The team that could best exploit Purdue is… Arguably Tennessee, to be honest. But I would hear out a case for Gonzaga or even Marquette here too.
Realistic number of wins: Purdue really, really needs to go 2-1 or better here. I would argue that they kind of need to win Maui to assuage some fears, but considering everyone is just staring these guys down waiting to see what they do when the field of 68 drops, just get out of here with your two wins and get home.
Prediction: 2-1, 5th-place.
Key players: C Hunter Dickinson (22 PPG, 12.3 RPG), Kevin McCullar Jr. (16.3 PPG, 7.7 RPG, 6.3 APG), KJ Adams Jr. (14 PPG, 4.7 RPG)
Unique aspects: Third-largest 2PT% gap in the nation at +29.3%, #1 nationally in assists per game at 27, playing at fastest pace in the nation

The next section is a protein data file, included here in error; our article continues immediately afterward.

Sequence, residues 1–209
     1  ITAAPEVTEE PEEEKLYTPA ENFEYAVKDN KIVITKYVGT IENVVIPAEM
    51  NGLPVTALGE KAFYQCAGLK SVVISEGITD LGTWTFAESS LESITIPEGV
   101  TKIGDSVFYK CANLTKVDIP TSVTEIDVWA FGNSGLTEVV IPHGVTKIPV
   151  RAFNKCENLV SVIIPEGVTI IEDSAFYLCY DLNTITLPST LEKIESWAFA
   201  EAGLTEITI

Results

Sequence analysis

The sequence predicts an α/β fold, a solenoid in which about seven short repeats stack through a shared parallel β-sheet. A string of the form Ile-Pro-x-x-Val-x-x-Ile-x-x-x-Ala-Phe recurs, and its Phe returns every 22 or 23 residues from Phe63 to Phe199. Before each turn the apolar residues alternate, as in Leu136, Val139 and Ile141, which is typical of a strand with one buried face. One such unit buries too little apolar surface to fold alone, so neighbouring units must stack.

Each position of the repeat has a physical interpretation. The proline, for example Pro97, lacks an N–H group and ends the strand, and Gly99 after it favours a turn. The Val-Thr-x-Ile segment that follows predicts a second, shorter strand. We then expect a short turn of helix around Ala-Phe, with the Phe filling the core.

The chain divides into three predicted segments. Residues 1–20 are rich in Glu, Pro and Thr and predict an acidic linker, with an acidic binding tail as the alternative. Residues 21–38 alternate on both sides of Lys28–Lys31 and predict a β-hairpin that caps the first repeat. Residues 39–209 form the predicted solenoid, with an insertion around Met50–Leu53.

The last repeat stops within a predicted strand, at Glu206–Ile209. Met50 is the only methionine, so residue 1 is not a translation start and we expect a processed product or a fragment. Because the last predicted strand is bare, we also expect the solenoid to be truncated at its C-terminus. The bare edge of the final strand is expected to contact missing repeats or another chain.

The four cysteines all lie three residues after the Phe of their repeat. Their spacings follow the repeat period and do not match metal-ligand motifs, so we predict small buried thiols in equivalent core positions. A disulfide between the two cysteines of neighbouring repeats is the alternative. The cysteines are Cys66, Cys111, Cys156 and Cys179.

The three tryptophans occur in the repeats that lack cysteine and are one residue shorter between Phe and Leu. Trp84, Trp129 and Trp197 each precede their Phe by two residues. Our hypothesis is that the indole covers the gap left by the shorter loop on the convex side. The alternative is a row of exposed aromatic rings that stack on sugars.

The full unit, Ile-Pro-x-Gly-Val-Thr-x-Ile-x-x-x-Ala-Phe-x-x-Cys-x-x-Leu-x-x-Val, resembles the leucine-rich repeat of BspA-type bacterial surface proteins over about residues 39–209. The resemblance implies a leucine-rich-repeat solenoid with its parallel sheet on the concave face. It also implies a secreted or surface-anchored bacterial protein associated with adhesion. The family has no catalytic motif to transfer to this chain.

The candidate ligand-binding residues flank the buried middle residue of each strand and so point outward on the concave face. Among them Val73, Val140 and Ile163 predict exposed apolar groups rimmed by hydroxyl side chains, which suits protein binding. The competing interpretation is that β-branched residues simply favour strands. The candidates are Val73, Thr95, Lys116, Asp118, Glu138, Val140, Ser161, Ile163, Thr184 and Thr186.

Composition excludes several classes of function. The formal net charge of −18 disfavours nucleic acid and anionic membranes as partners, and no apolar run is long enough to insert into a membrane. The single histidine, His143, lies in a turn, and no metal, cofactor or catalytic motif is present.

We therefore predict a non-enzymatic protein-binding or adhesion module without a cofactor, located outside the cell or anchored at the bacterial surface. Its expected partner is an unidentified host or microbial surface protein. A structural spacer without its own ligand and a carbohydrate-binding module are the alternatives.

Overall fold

Well, here’s what I wrote in the Big 12 preview.
Even on the worst Michigan offense since 2014-15, Dickinson still shined. Fans grew a bit impatient with his coming-and-going effort level on defense, but even that took a step up in conference play as Michigan needed it more. In B1G play, Dickinson posted a +5.7 PRPG! on Torvik and a +10.6 Box Plus-Minus on both high volume (27% Usage) and efficiency (119 ORtg). The number of Big Ten players who’d hit all those numbers in conference play post-2007 is very, very thin.
That’s the type of player you’re adding to a yearly top-10 program: a guy who was no worse than one of the 15 best players in America a year ago and a top-four player in a top-four conference. Those type of guys not only rarely come back, they never, ever transfer. If Dickinson is fully committed to the bit for five straight months, he absolutely could pull a surprise upset for National Player of the Year.
Basically: I like this roster a ton. It’s crazy talented. No roster is even close to perfect this year, but these guys have a top-end that is truly scary and if they answer a few questions appropriately, they have as good a shot at the national title as anyone.